Last night I attended a great networking event on personal branding, a topic of increasing importance in business. It was a wet, dreary February night in Toronto but the event drew over 80 people, eager to hear how they could amp up their own brands.
I've been hearing a lot about the need to brand oneself lately. It even surfaced in a recent article on changes in the publishing industry in which Canadian author Margaret Atwood joked: "The term 'relentless self-promoter' used to be an insult in publishing circles. Now it will be a necessity." Too true.
The three panelists were Leesa Barnes, social media expert, Paul Copcutt who has a great newsletter on personal branding, and Diane Craig, etiquette and image consultant and fellow alumni of the Protocol School of Washington.
There was a great discussion about online versus offline personas with the panelists agreeing that they should match rather than clash. Your social media presence (website, twitter posts, blogs, etc.) should reflect who you are as a person, your personal style, philosophy, values, etc. So for example, while some people are able to pull off 'snarky' really well on Twitter, if I tried, it would come off as phony to those who know me in person. Paul suggested we choose the social media forum that best fits our personal likes/dislikes. If you don't particularly enjoy writing, then blogging is probably not for you, but Twitter could be perfect.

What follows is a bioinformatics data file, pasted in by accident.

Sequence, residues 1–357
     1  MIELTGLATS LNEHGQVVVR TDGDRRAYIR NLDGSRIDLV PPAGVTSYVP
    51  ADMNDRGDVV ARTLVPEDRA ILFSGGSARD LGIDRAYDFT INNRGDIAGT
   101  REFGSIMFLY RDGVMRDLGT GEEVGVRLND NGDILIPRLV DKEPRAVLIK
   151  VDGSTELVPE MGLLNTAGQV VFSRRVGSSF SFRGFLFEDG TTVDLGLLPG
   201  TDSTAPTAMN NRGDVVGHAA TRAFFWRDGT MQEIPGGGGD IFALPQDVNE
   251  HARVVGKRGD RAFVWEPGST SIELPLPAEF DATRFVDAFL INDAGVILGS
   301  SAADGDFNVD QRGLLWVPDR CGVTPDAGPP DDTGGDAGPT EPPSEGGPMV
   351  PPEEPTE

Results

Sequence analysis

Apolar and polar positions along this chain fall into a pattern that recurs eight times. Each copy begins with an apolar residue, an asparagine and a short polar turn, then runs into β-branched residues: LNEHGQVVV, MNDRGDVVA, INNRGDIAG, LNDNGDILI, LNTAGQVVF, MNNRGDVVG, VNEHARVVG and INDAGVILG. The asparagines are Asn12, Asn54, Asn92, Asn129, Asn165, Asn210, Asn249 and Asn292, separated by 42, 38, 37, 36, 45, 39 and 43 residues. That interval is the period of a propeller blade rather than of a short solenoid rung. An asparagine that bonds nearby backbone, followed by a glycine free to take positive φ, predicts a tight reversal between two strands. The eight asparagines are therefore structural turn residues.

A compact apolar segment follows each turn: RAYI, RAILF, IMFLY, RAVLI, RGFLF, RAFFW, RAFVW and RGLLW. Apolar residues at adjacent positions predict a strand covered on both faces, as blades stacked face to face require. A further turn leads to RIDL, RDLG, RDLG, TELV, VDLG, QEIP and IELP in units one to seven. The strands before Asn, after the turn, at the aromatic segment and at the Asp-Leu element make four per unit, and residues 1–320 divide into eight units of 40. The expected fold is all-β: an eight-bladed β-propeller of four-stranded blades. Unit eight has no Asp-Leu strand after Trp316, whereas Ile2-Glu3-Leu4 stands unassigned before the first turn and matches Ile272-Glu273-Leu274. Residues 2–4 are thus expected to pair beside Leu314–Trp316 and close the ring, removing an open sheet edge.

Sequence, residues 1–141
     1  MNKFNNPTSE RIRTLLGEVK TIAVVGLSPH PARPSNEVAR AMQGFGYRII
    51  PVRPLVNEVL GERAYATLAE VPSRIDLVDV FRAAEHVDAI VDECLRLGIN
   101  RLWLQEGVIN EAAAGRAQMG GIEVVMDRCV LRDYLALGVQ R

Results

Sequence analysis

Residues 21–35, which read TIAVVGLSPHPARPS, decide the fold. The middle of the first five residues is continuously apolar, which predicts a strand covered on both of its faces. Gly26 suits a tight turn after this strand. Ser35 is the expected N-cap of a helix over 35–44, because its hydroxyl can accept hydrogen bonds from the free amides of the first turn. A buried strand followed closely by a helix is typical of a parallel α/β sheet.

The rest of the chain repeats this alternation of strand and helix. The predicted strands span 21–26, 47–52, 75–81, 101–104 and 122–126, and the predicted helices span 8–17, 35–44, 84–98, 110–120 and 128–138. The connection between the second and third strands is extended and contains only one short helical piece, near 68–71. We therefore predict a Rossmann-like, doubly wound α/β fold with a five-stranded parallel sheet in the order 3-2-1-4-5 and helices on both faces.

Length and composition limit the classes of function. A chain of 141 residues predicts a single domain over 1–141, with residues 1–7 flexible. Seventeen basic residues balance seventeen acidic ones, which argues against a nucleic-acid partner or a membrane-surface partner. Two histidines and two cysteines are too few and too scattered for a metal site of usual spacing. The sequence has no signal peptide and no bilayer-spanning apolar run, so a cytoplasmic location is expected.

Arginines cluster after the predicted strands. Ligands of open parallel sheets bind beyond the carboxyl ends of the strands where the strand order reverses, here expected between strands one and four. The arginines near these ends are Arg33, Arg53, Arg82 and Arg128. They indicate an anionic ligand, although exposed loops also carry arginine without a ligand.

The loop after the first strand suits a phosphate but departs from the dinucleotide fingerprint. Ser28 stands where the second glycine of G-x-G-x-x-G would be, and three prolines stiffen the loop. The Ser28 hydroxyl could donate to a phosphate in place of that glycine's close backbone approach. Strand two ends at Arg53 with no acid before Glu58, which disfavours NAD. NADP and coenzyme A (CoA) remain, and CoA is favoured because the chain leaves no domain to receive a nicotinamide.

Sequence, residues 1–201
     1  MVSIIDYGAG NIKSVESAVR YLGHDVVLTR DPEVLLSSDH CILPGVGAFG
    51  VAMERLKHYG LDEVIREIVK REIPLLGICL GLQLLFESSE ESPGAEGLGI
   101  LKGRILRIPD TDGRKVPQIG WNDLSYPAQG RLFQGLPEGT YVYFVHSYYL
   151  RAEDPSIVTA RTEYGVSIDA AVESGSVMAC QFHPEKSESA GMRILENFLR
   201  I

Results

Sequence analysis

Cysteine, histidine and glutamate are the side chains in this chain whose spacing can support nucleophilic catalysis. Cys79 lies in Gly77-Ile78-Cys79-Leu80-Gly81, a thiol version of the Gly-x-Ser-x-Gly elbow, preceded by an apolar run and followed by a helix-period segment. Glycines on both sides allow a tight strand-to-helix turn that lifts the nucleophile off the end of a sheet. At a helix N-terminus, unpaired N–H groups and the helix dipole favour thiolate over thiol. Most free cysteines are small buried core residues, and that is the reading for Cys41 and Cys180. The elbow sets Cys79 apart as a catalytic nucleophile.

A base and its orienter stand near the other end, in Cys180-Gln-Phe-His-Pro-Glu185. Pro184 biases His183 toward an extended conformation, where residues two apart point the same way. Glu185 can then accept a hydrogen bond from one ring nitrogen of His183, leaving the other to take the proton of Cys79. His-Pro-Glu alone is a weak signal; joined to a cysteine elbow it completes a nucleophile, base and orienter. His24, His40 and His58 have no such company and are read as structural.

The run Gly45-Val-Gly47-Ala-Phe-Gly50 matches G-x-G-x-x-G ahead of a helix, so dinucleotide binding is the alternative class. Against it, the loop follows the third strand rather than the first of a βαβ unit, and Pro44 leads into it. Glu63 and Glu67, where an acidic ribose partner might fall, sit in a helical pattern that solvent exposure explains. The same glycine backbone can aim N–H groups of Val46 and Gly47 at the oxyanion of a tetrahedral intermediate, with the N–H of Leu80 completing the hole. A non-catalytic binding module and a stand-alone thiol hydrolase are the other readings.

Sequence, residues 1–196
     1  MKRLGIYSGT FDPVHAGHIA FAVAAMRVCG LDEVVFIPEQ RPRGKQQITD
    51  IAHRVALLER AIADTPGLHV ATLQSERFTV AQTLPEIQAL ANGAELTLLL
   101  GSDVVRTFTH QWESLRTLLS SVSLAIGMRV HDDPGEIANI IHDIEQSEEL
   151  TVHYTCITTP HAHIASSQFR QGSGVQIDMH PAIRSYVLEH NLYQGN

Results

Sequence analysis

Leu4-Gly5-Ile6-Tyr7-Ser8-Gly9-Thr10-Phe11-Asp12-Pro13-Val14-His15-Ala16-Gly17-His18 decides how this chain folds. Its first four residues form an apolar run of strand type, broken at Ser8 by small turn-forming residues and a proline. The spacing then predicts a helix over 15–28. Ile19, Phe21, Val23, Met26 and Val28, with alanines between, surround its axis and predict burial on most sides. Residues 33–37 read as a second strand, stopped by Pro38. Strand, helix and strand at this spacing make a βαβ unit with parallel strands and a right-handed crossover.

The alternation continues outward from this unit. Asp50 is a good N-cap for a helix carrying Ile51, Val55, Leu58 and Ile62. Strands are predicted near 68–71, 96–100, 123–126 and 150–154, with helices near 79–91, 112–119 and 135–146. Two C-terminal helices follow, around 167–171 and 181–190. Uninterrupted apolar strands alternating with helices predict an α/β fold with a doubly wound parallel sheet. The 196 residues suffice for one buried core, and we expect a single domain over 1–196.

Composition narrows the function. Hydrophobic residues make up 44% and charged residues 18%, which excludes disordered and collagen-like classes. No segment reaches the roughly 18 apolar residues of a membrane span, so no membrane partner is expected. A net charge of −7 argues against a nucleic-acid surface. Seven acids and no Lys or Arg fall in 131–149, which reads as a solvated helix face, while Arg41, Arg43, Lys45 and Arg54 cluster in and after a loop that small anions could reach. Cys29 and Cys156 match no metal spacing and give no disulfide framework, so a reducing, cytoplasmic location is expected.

In response to a question about business versus personal branding, Diane reminded us that we can change our image overnight but our reputation is with us forever so it is something we should continually cultivate, even if we switch jobs, careers or industries.
In addition to the insightful discussion, I was really impressed by the willingness of attendees and panelists to meet others, make introductions and share ideas, even with competitors. This group was there to mingle and mingle they did. I've been in the business long enough to remember networking events of old, where panelists didn't circulate with the guests and people working in the same field didn't necessarily share contacts. I already have meetings set up with some of my new contacts so we can share ideas and collaborate.
There are many changes hapenning in business now - some scary, some promising - but the shift from competition to collaboration is one I can embrace.
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